We have inherited the trading structures we currently use for our business; however, I often wonder if what we have is effective. Is there a more efficient structuring alternative our business can use to manage our affairs?
It is common to see family farming businesses with entities that have been inherited and continue operating through subsequent generations without any changes.
Understanding whether to keep entities
The reasons for maintaining entities through generations can vary from asset protection, tax management or specific family dynamics. However, many times, entities are kept simply due to not considering whether the entities still serve a commercial purpose as part of the family business operations.
If the entities in place for your family group are an effective structure and you understand why each entity exists, then you are ahead of many businesses. If there are any entities that don't serve a commercial purpose, then you may want to consider winding up those entities.
Winding up entities
Winding up an entity refers to closing the operations of a business, selling off assets, paying off creditors, and distributing any remaining assets. This should only be done with a clear understanding of the purpose in doing so and the costs associated, which will be influenced by the type of entity and the net assets that are owned by the entity.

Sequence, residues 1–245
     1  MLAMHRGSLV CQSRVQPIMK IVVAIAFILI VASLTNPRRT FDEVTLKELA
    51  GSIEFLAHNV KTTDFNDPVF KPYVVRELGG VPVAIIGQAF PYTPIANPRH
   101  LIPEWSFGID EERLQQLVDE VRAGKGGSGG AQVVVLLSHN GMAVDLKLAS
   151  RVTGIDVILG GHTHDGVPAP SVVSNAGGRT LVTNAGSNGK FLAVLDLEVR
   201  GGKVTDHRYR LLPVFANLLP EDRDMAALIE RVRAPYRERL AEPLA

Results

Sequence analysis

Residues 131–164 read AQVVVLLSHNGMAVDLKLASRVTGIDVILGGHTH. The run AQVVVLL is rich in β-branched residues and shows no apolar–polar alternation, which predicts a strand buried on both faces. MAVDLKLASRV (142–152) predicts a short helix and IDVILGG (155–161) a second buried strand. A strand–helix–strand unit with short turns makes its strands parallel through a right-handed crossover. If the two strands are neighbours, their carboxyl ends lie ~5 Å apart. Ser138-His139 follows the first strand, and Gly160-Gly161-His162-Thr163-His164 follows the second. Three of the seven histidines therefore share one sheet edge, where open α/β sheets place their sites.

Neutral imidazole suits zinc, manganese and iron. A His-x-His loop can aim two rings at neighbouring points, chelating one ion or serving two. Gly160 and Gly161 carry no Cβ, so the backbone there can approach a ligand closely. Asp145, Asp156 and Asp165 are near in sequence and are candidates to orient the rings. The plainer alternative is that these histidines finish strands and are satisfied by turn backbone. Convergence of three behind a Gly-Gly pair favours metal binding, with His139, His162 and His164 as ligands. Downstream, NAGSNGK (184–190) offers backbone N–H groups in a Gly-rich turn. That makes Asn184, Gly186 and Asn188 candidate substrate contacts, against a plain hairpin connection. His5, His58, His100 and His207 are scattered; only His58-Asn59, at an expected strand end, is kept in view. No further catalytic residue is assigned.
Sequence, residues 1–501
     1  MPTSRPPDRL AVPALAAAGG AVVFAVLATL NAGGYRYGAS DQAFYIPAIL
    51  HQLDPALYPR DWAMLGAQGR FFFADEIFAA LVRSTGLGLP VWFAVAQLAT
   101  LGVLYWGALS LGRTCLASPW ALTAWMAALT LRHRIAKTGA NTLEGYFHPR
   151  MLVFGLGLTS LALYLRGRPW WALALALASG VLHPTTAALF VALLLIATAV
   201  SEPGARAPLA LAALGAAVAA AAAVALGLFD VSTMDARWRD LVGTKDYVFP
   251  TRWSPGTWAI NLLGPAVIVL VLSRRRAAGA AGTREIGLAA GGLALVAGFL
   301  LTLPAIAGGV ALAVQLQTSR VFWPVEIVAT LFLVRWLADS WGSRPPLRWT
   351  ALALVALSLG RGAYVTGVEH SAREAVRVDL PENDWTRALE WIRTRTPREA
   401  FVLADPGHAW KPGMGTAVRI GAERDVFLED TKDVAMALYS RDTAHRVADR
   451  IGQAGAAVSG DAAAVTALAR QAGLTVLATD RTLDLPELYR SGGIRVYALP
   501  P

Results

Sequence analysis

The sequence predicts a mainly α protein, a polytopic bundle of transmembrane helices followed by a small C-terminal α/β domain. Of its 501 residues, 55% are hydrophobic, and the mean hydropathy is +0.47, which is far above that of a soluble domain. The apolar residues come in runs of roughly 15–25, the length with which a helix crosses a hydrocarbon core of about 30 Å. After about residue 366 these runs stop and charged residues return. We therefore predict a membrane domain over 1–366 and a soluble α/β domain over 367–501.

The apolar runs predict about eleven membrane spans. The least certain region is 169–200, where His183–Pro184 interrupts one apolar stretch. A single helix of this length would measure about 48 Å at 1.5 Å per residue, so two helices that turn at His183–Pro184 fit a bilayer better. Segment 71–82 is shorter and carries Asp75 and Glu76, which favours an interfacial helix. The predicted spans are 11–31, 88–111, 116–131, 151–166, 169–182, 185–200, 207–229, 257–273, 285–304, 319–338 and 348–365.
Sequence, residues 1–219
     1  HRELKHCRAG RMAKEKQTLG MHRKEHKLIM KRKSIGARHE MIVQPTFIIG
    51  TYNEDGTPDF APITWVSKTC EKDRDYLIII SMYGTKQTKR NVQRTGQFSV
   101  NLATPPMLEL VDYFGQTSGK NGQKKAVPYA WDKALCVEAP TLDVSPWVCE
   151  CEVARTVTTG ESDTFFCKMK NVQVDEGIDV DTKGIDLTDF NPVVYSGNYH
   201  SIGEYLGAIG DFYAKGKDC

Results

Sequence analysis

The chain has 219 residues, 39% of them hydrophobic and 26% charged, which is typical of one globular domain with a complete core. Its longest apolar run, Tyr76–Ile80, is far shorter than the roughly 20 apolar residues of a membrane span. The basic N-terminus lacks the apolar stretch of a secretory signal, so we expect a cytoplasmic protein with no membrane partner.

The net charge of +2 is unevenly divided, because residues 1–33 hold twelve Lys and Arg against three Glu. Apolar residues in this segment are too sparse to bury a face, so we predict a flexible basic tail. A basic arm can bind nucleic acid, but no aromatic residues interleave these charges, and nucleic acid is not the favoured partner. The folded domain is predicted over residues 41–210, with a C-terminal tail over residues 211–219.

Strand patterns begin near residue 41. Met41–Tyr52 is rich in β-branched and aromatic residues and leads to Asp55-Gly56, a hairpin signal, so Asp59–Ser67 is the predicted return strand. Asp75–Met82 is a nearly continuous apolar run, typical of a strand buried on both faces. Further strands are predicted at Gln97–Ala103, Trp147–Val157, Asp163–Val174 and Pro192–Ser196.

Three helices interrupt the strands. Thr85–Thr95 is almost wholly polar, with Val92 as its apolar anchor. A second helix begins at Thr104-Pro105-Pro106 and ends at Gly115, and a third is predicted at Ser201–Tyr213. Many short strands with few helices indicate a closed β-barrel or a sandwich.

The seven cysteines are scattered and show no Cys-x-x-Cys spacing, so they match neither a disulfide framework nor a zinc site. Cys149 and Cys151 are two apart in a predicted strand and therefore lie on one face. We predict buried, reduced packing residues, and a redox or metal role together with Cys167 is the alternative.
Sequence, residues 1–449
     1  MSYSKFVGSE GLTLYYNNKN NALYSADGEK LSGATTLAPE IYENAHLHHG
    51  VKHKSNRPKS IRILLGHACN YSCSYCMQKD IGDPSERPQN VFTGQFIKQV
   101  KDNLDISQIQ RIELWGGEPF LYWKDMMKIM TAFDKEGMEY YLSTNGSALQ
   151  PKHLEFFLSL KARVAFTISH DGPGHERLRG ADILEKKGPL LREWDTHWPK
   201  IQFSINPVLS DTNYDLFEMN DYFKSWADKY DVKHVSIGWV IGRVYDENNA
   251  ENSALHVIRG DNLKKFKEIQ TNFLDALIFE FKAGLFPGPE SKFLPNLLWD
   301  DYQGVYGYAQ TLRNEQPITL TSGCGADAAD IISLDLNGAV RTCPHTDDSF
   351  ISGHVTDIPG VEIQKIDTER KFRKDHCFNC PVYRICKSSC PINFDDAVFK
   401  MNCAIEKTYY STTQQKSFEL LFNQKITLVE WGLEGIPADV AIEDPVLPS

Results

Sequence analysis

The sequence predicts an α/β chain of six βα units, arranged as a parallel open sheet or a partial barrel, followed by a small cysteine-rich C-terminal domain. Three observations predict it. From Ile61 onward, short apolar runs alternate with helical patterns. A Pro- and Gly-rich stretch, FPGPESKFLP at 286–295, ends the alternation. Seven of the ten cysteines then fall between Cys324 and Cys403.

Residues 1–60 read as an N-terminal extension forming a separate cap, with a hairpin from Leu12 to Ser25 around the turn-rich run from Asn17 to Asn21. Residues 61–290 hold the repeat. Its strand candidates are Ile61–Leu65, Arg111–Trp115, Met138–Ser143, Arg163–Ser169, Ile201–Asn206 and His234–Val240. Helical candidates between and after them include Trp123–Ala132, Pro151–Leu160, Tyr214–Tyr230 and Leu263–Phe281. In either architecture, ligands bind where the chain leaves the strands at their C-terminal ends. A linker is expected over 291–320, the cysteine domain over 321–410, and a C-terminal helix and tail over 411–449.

Partnerships, Trusts and Companies are governed by various elements of legislation that need to be considered should you wish to wind these entities up. Dealing with the net assets, which is essentially the balance sheet of the entity, can be time consuming to ensure any underlying tax consequences upon moving assets or relinquishing any of the debt balances is carefully assessed.
A key consideration for all businesses is the treatment of family or inter-entity loan balances that have either built up over the years whilst managing them, or were taken on at the time the management of the entities was inherited.
Whilst every family operation has a different set of circumstances to consider, having a holistic view on why the entities exist can help make an informed decision. This can be accomplished by effective communication within families and with the advisers that support them.
There is no ideal time to review your structures.
The sooner you do it, the sooner you will have clarity on your options and if any changes are relevant or necessary.
I strongly suggest seeking advice before executing the wind up of an entity.
The cost of not doing this correctly can be far greater than the cost of the actual advice.
If you would like more information on this topic or have a question, please contact the Findex team at email@example.com
While all reasonable care is taken in the preparation of this article, to the extent allowed by legislation, Findex (Aust) Pty Ltd ABN 84 006 466 351 (Findex) accept no liability whatsoever for reliance on it. All opinions, conclusions, forecasts or recommendations are reasonably held at the time of compilation but are subject to change without notice. Findex assumes no obligation to update this material after it has been issued.
The information contained is of a general nature only and does not take into account your specific financial situation. You should seek professional advice before acting on any material.
Cade Gow is an agribusiness specialist at Findex Albury
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